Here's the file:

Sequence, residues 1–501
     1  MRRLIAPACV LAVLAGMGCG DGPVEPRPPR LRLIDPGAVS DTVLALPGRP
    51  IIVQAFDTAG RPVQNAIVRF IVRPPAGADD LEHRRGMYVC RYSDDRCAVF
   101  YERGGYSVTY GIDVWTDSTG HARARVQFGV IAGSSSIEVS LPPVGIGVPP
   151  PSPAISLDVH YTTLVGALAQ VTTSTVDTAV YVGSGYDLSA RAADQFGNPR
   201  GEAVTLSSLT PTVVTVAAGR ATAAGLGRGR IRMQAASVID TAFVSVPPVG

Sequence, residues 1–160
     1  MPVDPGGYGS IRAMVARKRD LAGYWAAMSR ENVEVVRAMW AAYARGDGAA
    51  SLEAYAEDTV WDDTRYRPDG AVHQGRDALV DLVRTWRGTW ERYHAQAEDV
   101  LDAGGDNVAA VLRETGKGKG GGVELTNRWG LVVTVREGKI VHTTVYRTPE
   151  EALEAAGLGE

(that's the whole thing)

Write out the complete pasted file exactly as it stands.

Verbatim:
Sequence, residues 1–501
     1  MRRLIAPACV LAVLAGMGCG DGPVEPRPPR LRLIDPGAVS DTVLALPGRP
    51  IIVQAFDTAG RPVQNAIVRF IVRPPAGADD LEHRRGMYVC RYSDDRCAVF
   101  YERGGYSVTY GIDVWTDSTG HARARVQFGV IAGSSSIEVS LPPVGIGVPP
   151  PSPAISLDVH YTTLVGALAQ VTTSTVDTAV YVGSGYDLSA RAADQFGNPR
   201  GEAVTLSSLT PTVVTVAAGR ATAAGLGRGR IRMQAASVID TAFVSVPPVG

Sequence, residues 1–160
     1  MPVDPGGYGS IRAMVARKRD LAGYWAAMSR ENVEVVRAMW AAYARGDGAA
    51  SLEAYAEDTV WDDTRYRPDG AVHQGRDALV DLVRTWRGTW ERYHAQAEDV
   101  LDAGGDNVAA VLRETGKGKG GGVELTNRWG LVVTVREGKI VHTTVYRTPE
   151  EALEAAGLGE